Thank God you said this. I’ve been saying this for years, but a lot of people learning Chinese don’t want to hear this. It’s like they’re personally invested in “no pain, no gain,” which I think is for chumps. When you make it fun, the learning sustains itself.

    The brain forgets pain; it’s biological. The brain remembers reward… but also other things, like shame, delicious, sexy, fun… All of those things are better motivators for language learning.

    1. ALLEN ANDERSON says:

      Well said, JP. 🙂

  2. Jonathan says:

    So this is true for everyone? I thought it was just me who was lazy and undisciplined!

    No, I’m kidding. Yeah, absolutely. For how many years I’ve been at Chinese, I think my level is nothing to be proud of. This has to do with my on and off again habit of studying. Whenever I’m in ‘on’ mode, though, there’s no question that the fact that I’ve found some way of studying that is fun is a big factor.

    Recently, as an intermediate to advanced learner, I’ve discovered a certain genre of Chinese non-fiction that I find fun to read; and the vocabulary is enough in my range that I can get through it without sweating too much. I actually look forward to having some free time to sit down with these couple books.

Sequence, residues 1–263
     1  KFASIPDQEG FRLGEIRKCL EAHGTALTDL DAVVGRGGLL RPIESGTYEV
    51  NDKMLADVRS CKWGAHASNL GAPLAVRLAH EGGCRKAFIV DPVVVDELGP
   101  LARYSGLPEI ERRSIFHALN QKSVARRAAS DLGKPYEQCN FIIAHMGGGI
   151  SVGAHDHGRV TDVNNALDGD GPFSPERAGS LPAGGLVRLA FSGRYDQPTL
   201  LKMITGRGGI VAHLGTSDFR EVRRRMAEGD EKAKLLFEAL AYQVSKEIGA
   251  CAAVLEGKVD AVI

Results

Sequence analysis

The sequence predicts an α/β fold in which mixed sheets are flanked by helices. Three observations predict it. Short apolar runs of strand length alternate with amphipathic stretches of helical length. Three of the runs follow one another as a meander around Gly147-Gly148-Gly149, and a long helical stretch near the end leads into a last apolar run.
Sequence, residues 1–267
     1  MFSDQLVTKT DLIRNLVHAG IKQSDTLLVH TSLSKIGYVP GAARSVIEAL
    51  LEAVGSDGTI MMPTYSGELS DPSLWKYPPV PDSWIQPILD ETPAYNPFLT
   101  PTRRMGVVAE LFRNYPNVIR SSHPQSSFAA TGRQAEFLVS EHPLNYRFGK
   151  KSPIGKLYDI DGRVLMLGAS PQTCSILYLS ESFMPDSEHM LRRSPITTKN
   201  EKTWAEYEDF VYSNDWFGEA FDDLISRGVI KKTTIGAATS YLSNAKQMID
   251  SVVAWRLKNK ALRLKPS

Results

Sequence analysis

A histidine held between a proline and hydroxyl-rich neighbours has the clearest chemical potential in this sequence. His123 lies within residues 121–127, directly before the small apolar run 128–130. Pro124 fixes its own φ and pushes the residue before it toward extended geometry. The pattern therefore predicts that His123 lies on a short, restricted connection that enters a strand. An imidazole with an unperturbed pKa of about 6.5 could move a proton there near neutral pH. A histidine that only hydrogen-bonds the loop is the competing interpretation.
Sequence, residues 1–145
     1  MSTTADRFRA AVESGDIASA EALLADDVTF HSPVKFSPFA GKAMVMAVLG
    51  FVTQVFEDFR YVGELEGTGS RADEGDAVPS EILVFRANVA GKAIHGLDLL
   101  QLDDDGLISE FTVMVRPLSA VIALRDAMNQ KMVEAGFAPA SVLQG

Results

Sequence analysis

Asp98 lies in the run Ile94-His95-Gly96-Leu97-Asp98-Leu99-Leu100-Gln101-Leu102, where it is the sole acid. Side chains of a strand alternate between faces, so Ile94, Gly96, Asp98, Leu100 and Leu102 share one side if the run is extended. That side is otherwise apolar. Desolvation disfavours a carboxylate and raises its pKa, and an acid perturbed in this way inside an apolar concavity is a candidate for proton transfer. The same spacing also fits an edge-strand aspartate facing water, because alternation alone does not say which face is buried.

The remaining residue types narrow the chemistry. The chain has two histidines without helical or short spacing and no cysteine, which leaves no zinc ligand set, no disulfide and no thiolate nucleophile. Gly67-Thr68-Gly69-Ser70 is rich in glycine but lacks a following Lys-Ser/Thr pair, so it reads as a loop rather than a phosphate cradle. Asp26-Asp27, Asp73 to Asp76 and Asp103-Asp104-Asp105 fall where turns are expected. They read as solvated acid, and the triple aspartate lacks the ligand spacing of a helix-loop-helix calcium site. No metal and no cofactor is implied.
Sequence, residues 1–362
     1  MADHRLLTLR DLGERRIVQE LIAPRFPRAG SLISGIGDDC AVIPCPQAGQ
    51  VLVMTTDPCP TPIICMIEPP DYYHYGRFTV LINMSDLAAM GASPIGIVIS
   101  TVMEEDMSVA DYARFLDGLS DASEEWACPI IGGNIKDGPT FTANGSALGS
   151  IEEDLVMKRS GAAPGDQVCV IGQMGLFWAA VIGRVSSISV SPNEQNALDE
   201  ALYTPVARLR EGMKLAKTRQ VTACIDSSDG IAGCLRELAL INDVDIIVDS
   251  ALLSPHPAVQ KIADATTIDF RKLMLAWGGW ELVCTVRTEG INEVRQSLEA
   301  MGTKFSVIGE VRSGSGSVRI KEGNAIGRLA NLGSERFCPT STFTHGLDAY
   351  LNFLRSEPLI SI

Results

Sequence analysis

Of course it’s still competing with other demands on my schedule, though. But if it wasn’t fun, it wouldn’t even be on ‘my list.’

    1. Olle Linge says:

      That’s great! May I ask what genre it is and what books you’ve found? Perhaps others will find them interesting, too.

      1. Jonathan says:

        Yes, the books generally are kind of success-oriented / life philosophy / self-improvement kind of books, written by or about some ‘successful’ Chinese person.

        I’ve always liked reading self-help books, and had found years ago that this type of book translated into Chinese can be relatively easy reading. But it never sustained my interest, because I would feel a little silly reading something that I would do better just to read the original English.

        But now, I’m exploring similar things written in Chinese – about entrepreneurship (based on the ideas of ‘Ma Yun’, founder of the company, ‘Ali-Baba’, for example).

        The reading really is fun for me. (Though not non-stop giggles). 🙂

        1. Olle Linge says: